Thermoplastic sealing techniques:
In dentistry, thermoplastic endodontics consist of three main thermoplastic techniques: McSpadden Technique, Hybrid Technique and Ultrasonic Sealing.
The McSpadden technique uses compactors, which are standardized stainless steel instruments similar to an inverted Hedstroem file. They are used with the contra-angle handpiece at low speed and are based on the principle of reverse rotation to compact the gutta-percha inside the ducts.
Hybrid root filling technique is Ideal for complicated cases, it is especially used for severe curvatures or narrow ducts. This technique is very simple and is capable of filling irregularities and can correct the filling, with results almost impossible to achieve with other techniques.
Ultrasonic filling technique offers multiple advantages, since it allows working with the handling of the length of the ducts, and replicates the three-dimensional shape of the ducts adapting to them, the heat is generated only during ultrasonic activation, there are great diversity of sizes of the tips and these can be pre-curved.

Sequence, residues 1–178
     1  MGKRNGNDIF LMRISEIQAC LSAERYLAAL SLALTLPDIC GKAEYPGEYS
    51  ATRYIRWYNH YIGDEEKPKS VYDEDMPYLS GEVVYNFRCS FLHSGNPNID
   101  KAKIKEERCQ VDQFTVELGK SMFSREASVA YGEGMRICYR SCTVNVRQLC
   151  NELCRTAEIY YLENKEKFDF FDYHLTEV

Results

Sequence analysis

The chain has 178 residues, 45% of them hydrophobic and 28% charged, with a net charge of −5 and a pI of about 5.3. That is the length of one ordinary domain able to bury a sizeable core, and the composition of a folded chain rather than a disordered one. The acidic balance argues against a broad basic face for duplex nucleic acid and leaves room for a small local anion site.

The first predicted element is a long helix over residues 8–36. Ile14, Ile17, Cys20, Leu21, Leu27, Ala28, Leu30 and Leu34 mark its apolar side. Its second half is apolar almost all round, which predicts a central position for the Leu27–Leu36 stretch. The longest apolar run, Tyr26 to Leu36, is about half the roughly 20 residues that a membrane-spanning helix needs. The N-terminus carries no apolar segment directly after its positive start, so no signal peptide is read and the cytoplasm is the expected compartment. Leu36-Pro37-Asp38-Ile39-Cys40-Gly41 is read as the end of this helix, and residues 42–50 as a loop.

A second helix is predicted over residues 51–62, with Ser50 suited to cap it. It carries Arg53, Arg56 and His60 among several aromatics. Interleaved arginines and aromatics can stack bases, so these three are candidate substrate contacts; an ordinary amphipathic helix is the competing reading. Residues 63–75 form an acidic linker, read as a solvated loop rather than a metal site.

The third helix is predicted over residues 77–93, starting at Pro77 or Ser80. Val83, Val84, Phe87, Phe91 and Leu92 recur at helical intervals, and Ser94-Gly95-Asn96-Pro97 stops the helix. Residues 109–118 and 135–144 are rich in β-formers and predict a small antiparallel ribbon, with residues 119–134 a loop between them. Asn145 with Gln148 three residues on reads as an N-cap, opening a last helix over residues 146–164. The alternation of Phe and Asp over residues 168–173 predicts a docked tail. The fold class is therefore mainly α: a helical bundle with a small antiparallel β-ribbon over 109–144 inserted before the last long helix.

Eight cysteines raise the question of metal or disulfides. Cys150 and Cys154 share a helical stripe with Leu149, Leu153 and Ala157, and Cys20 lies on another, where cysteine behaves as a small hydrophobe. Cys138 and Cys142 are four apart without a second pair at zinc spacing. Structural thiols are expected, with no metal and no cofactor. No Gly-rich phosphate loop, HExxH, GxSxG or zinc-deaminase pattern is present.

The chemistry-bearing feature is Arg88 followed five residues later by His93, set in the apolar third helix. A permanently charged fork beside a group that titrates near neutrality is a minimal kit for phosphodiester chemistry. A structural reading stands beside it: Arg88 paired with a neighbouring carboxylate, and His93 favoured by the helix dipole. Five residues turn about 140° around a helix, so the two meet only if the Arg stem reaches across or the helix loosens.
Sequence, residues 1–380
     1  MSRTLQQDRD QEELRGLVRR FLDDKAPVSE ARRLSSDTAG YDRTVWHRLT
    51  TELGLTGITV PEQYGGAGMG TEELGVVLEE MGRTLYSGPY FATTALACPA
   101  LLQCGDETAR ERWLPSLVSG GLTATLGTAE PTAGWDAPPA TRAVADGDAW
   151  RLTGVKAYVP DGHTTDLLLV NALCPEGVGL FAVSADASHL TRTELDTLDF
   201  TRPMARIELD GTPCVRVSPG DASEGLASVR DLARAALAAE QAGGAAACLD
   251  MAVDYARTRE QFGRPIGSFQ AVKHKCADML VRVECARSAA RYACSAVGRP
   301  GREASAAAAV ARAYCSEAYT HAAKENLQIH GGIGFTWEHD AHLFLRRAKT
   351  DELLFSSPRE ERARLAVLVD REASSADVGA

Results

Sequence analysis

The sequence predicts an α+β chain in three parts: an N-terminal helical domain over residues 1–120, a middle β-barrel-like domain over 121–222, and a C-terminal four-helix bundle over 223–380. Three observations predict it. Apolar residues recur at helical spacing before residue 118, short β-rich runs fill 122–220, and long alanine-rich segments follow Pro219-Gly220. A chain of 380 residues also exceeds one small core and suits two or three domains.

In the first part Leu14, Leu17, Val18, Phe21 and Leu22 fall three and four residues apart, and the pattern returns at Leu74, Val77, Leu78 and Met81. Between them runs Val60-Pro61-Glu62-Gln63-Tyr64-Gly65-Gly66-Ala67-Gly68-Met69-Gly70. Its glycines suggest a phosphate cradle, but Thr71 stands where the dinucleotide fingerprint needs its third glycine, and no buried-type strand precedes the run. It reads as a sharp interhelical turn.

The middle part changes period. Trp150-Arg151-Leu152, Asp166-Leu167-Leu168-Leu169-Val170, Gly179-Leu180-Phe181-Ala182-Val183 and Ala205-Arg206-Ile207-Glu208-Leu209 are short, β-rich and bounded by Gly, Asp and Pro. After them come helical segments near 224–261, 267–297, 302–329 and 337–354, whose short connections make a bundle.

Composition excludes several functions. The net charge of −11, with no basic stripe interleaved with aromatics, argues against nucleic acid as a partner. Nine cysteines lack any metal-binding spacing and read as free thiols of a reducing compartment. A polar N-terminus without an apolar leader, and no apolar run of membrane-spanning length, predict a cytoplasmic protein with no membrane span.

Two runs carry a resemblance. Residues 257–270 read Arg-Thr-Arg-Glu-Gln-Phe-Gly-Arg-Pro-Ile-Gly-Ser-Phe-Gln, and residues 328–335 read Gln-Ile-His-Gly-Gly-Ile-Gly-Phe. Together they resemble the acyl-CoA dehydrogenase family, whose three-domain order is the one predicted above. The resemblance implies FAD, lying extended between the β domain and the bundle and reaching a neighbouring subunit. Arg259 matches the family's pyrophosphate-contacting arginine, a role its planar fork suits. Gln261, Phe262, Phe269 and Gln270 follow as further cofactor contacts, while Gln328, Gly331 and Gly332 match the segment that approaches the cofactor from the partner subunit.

Advantages of the thermoplastic gutta-percha technique:
This technique produces an increase in the density of the gutta-percha in the apical region, avoids filtrations or empty spaces.
It provides a greater fluidity in the lateral ducts, filling accessory ducts.
It produces a totally homogeneous mass in the whole duct. It has a better adaptation to the destination.
The thermoplastic gutta-percha reduces the stress applied to the root.
Injectable systems of high and low temperature thermoplastic gutta-percha show better results than traditional lateral condensation.( Endo Obturation System)
The dental professional can dedicate less work time and ease in the treatment of cases complicated by endodontics performed.
The three-dimensional obturation of the properly shaped and prepared root canal is the ideal root canal treatment, as it avoids microfiltration and the passage of microorganisms, making the apical healing process easier. System B is a variation of the vertical condensation technique, as it uses heat but controls it by means of an adjustable device. It is based on the fluidity of the gutta-percha when plasticized rather than on the pressure exerted on the obturator material.
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